Games, and particularly mobile games, are colossal data troves. Developers will have extensive data on how many people download the game, how much they spend, and how long they play. Presumably, Raid Shadow Legends are calculating the average Lifetime Value of their customers, comparing it with the cost per acquisition, and casting a wide net. While it may seem strange to target non-gaming channels, and especially in such high numbers, it's not so unusual for a mobile game.
If a publisher is marketing a PC game, then they're wasting their time picking sponsors who don't have PC gamers in their audience. However, everyone owns a smartphone, and an awful lot of them play mobile games, even if on a casual basis. In 2019 it was reported that 2.4 billion people would play mobile games by the end of the year. We can only assume that figure is higher in 2021. Additionally, women spend more time playing mobile games than men, which is probably why Raid Shadow Legends targets many channels popular with women and girls.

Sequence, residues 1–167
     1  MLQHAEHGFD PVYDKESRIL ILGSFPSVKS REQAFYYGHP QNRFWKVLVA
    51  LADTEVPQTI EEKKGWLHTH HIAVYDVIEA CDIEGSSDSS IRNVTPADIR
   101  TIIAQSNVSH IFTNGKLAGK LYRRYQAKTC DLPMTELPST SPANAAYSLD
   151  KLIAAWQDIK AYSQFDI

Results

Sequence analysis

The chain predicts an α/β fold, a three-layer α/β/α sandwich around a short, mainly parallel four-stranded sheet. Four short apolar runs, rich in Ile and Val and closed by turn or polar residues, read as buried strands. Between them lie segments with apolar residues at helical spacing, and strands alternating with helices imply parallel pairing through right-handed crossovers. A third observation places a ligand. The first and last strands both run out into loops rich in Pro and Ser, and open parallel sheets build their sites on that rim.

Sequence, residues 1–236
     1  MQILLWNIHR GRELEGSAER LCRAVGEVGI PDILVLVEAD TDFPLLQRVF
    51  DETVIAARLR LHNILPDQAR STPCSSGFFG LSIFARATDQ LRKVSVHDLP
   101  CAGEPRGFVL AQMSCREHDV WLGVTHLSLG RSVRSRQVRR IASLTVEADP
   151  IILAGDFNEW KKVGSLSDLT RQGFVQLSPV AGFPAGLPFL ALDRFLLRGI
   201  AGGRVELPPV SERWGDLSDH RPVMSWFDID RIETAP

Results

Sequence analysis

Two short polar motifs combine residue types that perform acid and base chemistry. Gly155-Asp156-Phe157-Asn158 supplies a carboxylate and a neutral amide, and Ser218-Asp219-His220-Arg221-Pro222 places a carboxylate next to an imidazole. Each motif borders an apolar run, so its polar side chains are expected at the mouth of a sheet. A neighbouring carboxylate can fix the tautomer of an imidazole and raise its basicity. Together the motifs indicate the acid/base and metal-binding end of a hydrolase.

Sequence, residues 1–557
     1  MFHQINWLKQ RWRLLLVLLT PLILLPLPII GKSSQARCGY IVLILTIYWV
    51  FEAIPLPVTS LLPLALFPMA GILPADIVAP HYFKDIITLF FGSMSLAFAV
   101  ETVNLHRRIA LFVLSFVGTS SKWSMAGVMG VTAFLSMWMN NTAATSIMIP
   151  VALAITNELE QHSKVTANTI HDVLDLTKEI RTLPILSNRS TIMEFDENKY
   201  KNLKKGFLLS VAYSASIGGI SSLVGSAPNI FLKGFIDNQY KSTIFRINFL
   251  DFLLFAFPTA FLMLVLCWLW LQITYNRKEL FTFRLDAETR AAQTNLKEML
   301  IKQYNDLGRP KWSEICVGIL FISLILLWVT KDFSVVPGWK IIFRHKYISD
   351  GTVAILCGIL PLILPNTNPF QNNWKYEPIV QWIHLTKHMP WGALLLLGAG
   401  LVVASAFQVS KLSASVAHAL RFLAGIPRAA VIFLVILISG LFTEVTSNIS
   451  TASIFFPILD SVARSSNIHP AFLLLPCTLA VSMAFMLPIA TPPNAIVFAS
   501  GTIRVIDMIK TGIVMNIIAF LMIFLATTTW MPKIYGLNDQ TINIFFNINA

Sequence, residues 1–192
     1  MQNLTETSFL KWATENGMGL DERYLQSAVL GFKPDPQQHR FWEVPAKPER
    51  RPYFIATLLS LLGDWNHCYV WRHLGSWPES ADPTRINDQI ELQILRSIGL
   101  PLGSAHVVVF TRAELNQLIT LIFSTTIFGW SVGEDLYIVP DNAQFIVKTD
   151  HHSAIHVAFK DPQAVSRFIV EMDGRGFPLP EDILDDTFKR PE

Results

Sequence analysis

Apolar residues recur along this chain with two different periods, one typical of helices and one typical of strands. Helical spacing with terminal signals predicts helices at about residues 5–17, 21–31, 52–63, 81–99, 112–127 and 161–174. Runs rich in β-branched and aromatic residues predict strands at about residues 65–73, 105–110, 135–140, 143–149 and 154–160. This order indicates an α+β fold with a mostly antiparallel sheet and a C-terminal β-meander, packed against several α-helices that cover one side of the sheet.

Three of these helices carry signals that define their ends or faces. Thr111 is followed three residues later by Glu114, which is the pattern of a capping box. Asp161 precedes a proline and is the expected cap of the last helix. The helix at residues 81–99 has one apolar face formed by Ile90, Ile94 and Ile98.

Escape From Tarkov and Twitch giveaways
On the other end of the scale, we have the decidedly gentle strategy deployed by the publishers of Escape From Tarkov (EFT). EFT is a hardcore first-person shooter game where players stand to lose all their hard-earned gear if they are killed. The game also has other hardcore mechanics like injury management and a complex gear and weaponry customisation system. For example, if you use the wrong bullets in your gun, it's the equivalent to shooting marshmallows.
Twitch allows games to offer promotions through the platform in the form of Twitch drops. These are events where players can receive in-game rewards by tuning in to Twitch channels and watching content. It's a win-win situation because players get free stuff, and the publishers get more views on Twitch. When a stream gets a lot of views, it starts appearing more prominently on the platform, which draws more viewers in. The viewers who are new to the game might watch some gameplay and be tempted to buy the game themselves.